In 1946 the John C. Campbell Folk School was approved as a site for veterans training under the GI Bill. While this approval ensured a steady influx of funds to the school, adjustments had to be made. Veterans were not necessarily interested in the Danish folk school model, a “home center of young people growing into cooperative understanding.” Instead, the men were interested in hands-on experience at the lathe or the forge. During the 1940s, two male teachers taught the incoming GIs: Oscar Cantrell taught blacksmithing at the forge and Herman Estes taught furniture making. The veterans built furniture for their homes and a wagon for the school farm. During the mid 1940s the school enjoyed full enrollment with veterans on a waiting list to enter. Estes also participated in community events at the school and served as Boy Scout leader for a newly formed local troop. 8

In the mid 1950s, Herman Estes retired from the folk school. He and Mabel used the contacts they made at the school to start an independent wood turning business. As a team, they specialized in lathe work, mostly making bowls and platters. Their work ranged from small 5” salad bowls to 28” mixing bowls and plates ranging from 6” to 18”. The bowls were made from a solid piece of wood; three pieces of wood were glued together before a platter could be turned. They used local woods: cherry, maple, butternut, walnut, and sycamore. Herman and Mabel worked out a system in which they took turns working on a single piece. Mabel Estes planed lumber, cross cut it, and “glued it up.” Herman would use the band saw to cut out the rough shape and Mabel would affix it to the lathe. He turned the form and she did the finish work, sanding and sealing it. They sprayed lacquer onto non-food pieces and, to make servingware food safe, they boiled the bowls and plates in olive oil. Together they drove up and down the East coast, lining up 16 shops to sell their work. Herman and Mabel Estes continued to work full-time at wood turning until the early 1960s when they cut production in half. In 1963 they went into “retirement,” but continued to supply four of their favorite shops. 9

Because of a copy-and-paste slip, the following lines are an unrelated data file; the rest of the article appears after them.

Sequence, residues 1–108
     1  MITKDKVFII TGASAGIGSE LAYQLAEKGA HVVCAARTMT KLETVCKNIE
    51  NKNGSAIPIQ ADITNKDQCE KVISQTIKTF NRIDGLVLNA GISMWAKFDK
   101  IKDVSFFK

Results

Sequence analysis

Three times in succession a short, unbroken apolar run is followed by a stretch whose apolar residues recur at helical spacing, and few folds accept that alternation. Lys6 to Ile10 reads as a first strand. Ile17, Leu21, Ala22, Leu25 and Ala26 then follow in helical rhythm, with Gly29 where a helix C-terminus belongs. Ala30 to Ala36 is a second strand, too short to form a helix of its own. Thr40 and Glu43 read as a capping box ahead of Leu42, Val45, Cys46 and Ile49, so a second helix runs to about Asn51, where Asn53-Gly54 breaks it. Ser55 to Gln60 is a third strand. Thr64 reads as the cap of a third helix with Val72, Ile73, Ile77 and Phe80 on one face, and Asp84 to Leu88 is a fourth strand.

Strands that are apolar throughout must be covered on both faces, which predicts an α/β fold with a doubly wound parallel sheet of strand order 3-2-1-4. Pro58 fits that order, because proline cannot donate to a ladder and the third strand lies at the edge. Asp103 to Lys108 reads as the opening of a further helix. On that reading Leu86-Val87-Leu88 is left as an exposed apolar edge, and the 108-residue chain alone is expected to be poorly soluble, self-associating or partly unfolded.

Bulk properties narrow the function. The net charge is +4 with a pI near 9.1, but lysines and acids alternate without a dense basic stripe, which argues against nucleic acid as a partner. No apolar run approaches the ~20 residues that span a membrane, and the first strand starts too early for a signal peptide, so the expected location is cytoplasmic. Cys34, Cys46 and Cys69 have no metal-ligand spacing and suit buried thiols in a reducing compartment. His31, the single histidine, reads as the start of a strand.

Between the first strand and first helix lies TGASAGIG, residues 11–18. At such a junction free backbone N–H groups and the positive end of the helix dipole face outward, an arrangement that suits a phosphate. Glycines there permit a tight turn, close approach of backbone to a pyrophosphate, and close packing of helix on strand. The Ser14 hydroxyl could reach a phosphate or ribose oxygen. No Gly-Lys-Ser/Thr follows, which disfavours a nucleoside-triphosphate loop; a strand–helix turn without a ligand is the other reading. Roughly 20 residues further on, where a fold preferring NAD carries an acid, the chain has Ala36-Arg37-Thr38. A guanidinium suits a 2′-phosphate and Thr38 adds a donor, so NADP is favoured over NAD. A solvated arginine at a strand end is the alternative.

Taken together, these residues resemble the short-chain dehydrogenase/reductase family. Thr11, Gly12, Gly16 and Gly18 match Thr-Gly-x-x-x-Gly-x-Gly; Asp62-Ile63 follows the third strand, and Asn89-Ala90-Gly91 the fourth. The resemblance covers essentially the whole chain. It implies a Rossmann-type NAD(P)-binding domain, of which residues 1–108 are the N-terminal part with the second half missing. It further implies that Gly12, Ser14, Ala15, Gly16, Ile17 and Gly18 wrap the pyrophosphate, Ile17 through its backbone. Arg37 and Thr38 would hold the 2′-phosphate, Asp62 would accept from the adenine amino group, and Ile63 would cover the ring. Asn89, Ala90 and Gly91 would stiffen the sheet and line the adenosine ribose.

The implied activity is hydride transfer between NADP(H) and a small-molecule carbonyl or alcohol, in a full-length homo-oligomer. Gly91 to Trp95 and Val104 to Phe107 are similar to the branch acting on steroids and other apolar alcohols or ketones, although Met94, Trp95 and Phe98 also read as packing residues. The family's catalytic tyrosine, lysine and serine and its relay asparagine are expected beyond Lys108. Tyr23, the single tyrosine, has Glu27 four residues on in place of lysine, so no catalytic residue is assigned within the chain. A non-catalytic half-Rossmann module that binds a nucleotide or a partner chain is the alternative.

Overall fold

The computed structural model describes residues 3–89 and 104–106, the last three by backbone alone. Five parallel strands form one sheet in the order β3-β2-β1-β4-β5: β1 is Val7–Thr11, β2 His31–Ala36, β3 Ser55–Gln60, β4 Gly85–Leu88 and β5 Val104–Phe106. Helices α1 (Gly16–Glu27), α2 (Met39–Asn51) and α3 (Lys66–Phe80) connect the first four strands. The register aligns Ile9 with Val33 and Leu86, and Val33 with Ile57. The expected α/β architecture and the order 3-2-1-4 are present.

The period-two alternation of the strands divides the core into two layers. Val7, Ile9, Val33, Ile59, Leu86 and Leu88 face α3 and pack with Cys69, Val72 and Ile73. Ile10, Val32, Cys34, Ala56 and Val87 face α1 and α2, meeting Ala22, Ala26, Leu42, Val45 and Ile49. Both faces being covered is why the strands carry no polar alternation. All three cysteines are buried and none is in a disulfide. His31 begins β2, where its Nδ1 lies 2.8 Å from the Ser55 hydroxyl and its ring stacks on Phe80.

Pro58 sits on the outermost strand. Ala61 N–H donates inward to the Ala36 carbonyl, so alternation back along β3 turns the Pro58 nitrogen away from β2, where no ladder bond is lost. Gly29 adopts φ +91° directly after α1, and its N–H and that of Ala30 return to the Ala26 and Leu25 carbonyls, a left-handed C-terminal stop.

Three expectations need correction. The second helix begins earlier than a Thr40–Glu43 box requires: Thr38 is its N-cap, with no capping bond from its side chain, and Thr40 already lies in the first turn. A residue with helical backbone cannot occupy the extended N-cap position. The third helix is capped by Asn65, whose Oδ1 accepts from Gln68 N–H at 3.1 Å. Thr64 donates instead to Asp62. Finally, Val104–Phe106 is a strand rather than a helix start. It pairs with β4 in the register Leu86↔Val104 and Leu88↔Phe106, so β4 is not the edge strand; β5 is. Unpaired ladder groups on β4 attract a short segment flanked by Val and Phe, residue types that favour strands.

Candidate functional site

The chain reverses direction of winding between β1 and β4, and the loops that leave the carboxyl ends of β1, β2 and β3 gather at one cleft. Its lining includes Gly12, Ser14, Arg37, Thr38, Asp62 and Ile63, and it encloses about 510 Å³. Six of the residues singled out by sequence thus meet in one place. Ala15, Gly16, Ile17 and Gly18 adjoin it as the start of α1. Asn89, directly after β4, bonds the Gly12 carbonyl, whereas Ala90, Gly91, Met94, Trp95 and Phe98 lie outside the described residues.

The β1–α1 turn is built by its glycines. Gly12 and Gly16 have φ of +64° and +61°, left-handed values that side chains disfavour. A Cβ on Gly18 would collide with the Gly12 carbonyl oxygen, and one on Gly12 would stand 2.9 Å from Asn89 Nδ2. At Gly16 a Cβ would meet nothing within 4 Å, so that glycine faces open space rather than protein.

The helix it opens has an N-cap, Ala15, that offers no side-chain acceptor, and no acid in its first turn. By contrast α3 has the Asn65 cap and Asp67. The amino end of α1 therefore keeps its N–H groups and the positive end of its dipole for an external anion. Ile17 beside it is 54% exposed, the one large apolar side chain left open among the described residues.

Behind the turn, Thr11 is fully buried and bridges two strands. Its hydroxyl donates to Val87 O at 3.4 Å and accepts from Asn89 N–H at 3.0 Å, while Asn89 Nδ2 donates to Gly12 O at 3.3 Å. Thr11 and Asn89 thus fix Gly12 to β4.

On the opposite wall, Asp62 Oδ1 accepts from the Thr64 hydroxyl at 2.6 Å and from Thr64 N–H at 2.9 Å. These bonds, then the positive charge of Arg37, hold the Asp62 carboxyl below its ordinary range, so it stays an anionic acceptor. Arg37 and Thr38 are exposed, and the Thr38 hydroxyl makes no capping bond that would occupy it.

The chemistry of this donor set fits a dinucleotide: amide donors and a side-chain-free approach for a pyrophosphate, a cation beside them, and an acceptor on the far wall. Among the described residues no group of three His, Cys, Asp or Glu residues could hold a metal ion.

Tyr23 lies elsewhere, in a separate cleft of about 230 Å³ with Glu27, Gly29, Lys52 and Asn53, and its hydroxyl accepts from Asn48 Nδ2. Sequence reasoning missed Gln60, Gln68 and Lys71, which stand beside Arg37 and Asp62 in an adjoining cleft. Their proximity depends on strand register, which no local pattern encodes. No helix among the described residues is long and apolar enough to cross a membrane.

- M. Anna Fariello, 2008


1 . Marjorie W. Rogers, “A History of Herman Baker Estes,” (undated) in the collection of the John C. Campbell Folk School; Edward DuPuy, “Interview with Herman and Mabel Estes,” Feb. 3, 1965 in the collection of the Southern Highland Craft Guild, 2.
2. DuPuy, 1. Berea listed a woodworking course in 1900, in “Berea College: Announcements,” Berea Quarterly 5, no. 1 (May 1900): 54; the quotation and a photograph with the caption “Furniture of Ancestor’s Oak” is in a hand-dated brochure, titled “Fireside Industries at Berea College,” both in Berea College Archive.
3. Herman B. Estes, “Herman B. Estes Brasstown, N.C.” (undated) in the collection of the Southern Highland Craft Guild.
4. Rogers; DuPuy, 1-3.
5. DuPuy, 2.
6. DuPuy 1-3.
7. Chris Andrus, “An Interview with Herman Estes,” in the collection of the Southern Highland Craft Guild.
8. John C. Campbell Folk School 29 [school newsletter] (Oct. 1947).
9. DuPuy 2-3.